The Great American Drive In's and Movie Theaters Tribute

by Mark S. Orr
Death of the Drive In

The coming year (2013) will mark the 80th anniversary of one of the
greatest venues of entertainment of the 20th century, the drive in
theater. Since it's beginning in 1933, the drive in theater has been
the source of many wonderful memories for thousands of people of all
ages for several generations.If you've never watched a movie on a
giant screen, beneath the summer stars,in the comfort of your car,
with your family, a date or just hanging out with friends...you have
missed a piece of true film Americana.

In their heyday, there were more than 4,000 drive-in theaters in the U.
S. That figure is now estimated conservatively at about 350 theaters
still operating. The local drive-in theater of this writers home town, the
Skyvue drive-in, located in New Castle, Henry County, Indiana, U.S.,
closed it's doors last year (2011) for good. Truly the end of an era.

The biggest loss is not the fact that movies are less available. It's the
fact that all the great things associated with drive-in's are lost. Things
like packing your car, and sometimes trunk, full of people to see a
new movie in the great outdoors. The sound was piped into your car
through metal speakers that attached to your window, the concession
stand was only a few steps away with some of the greatest American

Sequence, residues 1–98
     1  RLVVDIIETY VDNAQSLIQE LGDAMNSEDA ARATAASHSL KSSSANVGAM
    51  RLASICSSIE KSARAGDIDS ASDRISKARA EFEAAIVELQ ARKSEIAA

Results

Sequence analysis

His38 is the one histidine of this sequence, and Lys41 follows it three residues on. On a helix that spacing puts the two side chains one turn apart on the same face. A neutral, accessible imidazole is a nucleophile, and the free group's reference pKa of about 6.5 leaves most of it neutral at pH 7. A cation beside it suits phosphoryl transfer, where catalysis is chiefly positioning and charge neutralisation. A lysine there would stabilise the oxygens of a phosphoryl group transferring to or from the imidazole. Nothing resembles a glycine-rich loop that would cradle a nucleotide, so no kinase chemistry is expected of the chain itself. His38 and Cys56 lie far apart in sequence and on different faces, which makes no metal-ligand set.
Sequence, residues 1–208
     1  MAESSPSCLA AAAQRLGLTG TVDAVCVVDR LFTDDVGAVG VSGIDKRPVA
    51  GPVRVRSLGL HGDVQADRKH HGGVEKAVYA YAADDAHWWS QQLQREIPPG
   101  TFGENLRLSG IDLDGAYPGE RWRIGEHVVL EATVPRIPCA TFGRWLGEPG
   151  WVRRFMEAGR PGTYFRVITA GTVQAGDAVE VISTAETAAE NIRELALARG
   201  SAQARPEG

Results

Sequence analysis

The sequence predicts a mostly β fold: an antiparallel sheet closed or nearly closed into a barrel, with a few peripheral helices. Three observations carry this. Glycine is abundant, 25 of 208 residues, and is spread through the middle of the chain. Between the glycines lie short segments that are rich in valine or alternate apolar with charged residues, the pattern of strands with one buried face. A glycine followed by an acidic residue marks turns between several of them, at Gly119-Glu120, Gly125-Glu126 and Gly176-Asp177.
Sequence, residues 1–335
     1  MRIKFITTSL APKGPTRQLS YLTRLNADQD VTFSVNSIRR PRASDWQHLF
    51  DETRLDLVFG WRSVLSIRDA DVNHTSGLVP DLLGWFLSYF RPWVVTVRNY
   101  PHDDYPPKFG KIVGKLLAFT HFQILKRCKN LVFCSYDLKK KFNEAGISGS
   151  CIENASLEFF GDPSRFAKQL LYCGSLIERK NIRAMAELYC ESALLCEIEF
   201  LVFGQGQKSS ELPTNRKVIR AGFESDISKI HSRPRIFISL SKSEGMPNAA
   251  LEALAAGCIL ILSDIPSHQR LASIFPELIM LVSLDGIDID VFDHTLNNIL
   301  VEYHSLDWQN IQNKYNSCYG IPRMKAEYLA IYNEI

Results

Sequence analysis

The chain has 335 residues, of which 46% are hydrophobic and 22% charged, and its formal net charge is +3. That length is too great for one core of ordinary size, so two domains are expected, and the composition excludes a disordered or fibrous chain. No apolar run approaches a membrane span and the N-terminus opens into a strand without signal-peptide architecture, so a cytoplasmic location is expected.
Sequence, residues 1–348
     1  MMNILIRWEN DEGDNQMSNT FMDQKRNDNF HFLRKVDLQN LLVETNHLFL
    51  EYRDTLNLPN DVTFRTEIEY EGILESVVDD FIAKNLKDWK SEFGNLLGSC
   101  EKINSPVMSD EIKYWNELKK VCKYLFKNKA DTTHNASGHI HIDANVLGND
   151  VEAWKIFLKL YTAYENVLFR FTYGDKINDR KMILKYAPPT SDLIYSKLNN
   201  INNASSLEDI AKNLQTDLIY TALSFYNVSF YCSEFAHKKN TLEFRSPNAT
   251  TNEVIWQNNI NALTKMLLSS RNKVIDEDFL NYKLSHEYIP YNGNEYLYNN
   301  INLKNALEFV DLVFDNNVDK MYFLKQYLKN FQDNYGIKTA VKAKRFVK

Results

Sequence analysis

junk-fast food ever! Buttered popcorn, hot dogs, pretzels with cheese,
real “fountain” cokes and a plethora of every kind of candy
imaginable.

Intermission was the time to grab some snacks and meet up with all
your friends. Some of my best drive-in movie memories are of
watching great horror flicks on the huge screen. Midnight showings,
dusk to dawn, special attractions and guest appearances by creepy
personalities.
Indiana's creepster was 'Sammy Terry', part ghoul, part vampire and
a TV and public appearance superstar. I am saddened to think that it
is now a thing of the past. You haven't really seen “Creature from the
Black Lagoon” until you've seen Roicou Browning in that monster wet
suit on a 40 x 50 foot screen. Or the great scene in 'Jaws' when
Captain Quint becomes shark food.

Even the sound seemed better at drive-ins, with the reverberating
echo provided by hundreds of speakers hanging from car windows.
“You're going to need a bigger boat!”, “Here's Johnny!”, and the
famous line in almost every great, campy horror movie....”I think we
should split up”.
You knew people were about to get picked off one by one by the
monster duJour! You could hear the groans of incredulity from movie
goers in every car in the lot.

Indoor theaters are great and I've even viewed a few movies online,
but for my money...if you want the real experience....you're going to
need a bigger screen.

Please help our drive-in theater re-open by visiting the following site
and showing your support!

Mark S. Orr
March 15. 2013

https://www.facebook.com/groups/skyvuefriends/
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